Through Hayworth’s performance, many female viewers were made aware of their inherent rights as women, long before the feminist implications of Thelma and Louise. One way Gilda achieved this effect was through the songs “Amada Mio” and “Put the Blame on Mame,” which Hayworth “sang” (actually dubbed) in the film.  The lyrics of that song are about a woman who’s very much like Gilda: a woman who has been used and abused by men but comes to a realization that she does not have to put up with it anymore. The expression, in song lyrics, of Gilda’s determination to stand up against repression by men, had an even much greater impact than the film’s dialogue.

Gilda also contributed to the creation of camp culture, especially among sophisticated viewers, many of whom gay men. The movie might have been misunderstood upon its release because it was the first full-fledged camp film. Of course, campiness and self-reflection have since become widely accepted by Hollywood. For instance, no one would be shocked by a parody of Casablanca in this day and age. However, audiences in 1946 were uncertain about what Gilda was all about. Gilda set in motion an important part of popular culture that we take for granted now: Screen campiness.

The film ends with Gilda’s sexual reformation and redemption, and dismissal of the homoerotic inferences in the relationship between Glenn Ford and George Macready.  Macreday, the obstacle to a “healthier” relationship between Ford and Hayworth, must be eliminated, and he is, though not the way you expected.

As the film was released in 1946 soon after World War II had ended and just as the Cold War was gaining momentum, it was important at this time to Hollywood to portray Americans as “normal” people, and Gilda had to end in this way. In the very last scene, it’s Gilda, now decently dressed in a suit, who says, “Let’s go home, Johnny,” meaning return to the U.S. and starting (from scratch) a new “domestic” lifestyle.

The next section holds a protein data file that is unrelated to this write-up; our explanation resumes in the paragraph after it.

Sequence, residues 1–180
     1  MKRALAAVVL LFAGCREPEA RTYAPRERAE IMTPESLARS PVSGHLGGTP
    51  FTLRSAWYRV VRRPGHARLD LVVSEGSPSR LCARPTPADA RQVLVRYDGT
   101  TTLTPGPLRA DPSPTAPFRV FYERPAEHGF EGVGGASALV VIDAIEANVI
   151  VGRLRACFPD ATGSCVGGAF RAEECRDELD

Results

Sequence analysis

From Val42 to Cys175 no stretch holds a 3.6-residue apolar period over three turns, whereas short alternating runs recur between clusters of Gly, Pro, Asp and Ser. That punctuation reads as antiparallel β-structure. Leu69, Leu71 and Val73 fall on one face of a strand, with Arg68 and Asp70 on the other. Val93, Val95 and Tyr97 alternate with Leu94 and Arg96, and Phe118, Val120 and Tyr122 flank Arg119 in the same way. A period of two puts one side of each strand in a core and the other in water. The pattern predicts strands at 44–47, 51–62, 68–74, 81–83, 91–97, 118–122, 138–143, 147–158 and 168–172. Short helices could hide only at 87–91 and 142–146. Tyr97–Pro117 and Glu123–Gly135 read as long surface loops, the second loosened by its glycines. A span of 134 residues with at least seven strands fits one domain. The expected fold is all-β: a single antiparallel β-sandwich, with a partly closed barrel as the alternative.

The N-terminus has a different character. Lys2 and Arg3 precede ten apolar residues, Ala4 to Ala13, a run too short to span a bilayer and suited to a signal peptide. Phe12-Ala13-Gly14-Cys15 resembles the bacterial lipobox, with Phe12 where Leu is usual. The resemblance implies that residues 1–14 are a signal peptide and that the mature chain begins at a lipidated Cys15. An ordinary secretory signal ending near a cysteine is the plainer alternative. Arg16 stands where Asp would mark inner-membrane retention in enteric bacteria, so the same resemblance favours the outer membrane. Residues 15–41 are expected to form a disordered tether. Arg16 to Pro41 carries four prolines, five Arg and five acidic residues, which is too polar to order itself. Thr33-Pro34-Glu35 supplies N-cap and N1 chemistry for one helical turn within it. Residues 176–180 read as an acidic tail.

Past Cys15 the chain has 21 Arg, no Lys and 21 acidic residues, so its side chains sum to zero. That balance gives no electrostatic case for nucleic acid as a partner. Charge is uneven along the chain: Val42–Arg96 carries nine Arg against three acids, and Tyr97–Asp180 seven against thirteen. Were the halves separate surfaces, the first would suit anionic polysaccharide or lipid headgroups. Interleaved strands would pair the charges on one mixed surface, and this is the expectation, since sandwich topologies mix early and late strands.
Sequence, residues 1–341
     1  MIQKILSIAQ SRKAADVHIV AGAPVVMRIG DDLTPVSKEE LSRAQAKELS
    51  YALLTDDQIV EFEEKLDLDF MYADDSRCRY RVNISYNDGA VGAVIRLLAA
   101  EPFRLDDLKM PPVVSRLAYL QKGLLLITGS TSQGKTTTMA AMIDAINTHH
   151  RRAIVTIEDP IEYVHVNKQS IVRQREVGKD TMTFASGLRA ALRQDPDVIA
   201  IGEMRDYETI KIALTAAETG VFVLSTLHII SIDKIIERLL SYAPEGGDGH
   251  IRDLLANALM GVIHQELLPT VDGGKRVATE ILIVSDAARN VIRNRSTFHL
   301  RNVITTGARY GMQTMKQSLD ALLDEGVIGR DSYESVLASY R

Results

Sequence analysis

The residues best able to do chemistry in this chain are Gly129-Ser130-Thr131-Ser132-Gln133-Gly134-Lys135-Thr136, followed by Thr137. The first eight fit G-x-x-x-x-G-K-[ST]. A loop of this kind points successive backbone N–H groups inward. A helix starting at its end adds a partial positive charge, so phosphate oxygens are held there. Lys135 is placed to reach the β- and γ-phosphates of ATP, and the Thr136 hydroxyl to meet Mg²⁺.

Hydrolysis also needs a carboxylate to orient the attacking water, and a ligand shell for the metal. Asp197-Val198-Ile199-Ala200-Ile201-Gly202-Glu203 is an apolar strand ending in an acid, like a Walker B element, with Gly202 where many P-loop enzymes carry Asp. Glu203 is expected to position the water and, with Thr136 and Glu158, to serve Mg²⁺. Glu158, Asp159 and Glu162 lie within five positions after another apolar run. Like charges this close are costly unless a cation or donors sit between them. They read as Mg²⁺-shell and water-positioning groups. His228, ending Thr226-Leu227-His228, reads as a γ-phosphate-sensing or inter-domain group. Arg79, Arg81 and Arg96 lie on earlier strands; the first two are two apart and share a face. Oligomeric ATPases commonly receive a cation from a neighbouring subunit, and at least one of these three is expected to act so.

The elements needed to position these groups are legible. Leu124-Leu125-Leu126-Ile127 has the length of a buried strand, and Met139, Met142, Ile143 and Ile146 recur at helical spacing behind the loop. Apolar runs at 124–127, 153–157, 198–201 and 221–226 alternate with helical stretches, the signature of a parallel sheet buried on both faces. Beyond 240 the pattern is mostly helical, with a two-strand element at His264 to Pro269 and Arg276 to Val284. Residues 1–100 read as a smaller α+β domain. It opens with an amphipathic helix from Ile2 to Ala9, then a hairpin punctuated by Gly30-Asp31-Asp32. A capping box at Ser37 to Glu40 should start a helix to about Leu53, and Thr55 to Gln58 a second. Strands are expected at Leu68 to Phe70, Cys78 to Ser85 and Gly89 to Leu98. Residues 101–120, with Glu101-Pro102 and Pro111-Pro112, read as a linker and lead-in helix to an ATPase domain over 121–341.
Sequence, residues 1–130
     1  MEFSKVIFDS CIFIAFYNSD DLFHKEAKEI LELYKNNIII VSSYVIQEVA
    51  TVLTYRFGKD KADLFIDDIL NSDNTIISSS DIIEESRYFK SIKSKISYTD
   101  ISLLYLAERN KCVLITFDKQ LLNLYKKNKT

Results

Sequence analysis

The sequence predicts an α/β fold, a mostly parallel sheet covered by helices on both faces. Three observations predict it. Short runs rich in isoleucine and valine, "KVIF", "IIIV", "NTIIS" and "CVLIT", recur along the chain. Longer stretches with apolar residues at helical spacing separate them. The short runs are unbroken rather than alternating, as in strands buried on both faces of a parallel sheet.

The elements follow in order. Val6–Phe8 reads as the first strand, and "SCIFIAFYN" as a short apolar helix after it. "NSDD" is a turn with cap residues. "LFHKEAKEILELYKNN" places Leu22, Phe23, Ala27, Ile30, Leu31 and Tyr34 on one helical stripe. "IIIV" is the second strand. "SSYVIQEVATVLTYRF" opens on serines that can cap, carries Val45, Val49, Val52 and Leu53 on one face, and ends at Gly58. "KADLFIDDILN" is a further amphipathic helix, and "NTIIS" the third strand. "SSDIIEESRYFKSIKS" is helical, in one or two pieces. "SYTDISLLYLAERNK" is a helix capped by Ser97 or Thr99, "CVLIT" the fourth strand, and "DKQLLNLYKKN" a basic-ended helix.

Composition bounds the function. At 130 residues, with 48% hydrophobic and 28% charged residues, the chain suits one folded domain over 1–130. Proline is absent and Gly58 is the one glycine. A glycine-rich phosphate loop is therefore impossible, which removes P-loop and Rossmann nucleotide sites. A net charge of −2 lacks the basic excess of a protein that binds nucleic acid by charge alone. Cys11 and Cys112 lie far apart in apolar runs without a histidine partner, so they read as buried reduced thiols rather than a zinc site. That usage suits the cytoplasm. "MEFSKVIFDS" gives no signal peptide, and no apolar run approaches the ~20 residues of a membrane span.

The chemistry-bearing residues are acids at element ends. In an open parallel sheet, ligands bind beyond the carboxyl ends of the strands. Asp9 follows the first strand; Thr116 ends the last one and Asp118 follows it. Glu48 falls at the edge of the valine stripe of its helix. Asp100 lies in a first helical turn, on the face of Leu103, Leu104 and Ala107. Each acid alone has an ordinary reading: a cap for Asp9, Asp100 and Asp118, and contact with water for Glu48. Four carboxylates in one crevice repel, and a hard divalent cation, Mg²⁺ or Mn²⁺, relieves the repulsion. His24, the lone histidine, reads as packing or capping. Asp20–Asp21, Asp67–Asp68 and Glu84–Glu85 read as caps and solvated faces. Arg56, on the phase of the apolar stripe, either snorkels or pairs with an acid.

The film’s “happy ending,” with Gilda saying “Let’s Go Home Johnny,” with its implications of normalcy and domesticity, is too sudden, abrupt (and not very convincing, to say the least).  After all the ordeals, rites, and tribulations they have gone through, could Johnny and Gilda become or assume a bourgeois middle class American couple? Here is a case of an incongruent and incoherent Hollywood movie, which, under pressure, was forced to please the censors of the Production Code Administration (PCA) as well as the expectations of more mainstream audiences.

I have never believed in that contrived happy ending, and I know, from screenings the picture in numerous film classes, that most of my students also have remained unconvinced.  No resolution could really obscure the tabooed sexual issues that dominate the film–and ultimately gives it its raison d’etre and explains its current cult status.

Thinking of the movie, what linger in mind are images of Gilda’s black dress, stripping, and singing “Put the Blame on Mame.” In later years, award-winning costume designer Jean Louis referred to Hayworth’s black strapless gown as “the most famous dress I ever made,” an accomplishment he could not have anticipated or predicted.

Considered to be Hayworth’s best-known film, and the most iconic expression of her frequent on-screen teaming with Glenn Ford, Gilda was extremely commercial, earning over $3,750,000 rentals at the box-office.

Critical Status:


n 2013, Gilda was selected for preservation in the U.S. National Film Registry by the Library of Congress as being “culturally, historically or aesthetically significant.”

Directed by Charles Vidor
Produced by Virginia Van Upp
Screenplay by Jo Eisinger, Marion Parsonnet. Ben Hecht (uncredited),  based on a story by E.A. Ellington
Cinematography Rudolph Maté
Edited by Charles Nelson
Production and distribution company: Columbia Pictures
Release date: March 14, 1946 (NYC)
April 25, 1946 (US)
Running time 110 minutes



Rita Hayworth as Gilda Mundson Farrell
Glenn Ford as Johnny Farrell
George Macready as Ballin Mundson
Joseph Calleia as Det. Maurice Obregon
Steven Geray as Uncle Pio
Joe Sawyer as Casey
Gerald Mohr as Capt. Delgado
Mark Roberts as Gabe Evans
Ludwig Donath as German
Don Douglas as Thomas Langford
Lionel Royce as German
George J. Lewis as Huerta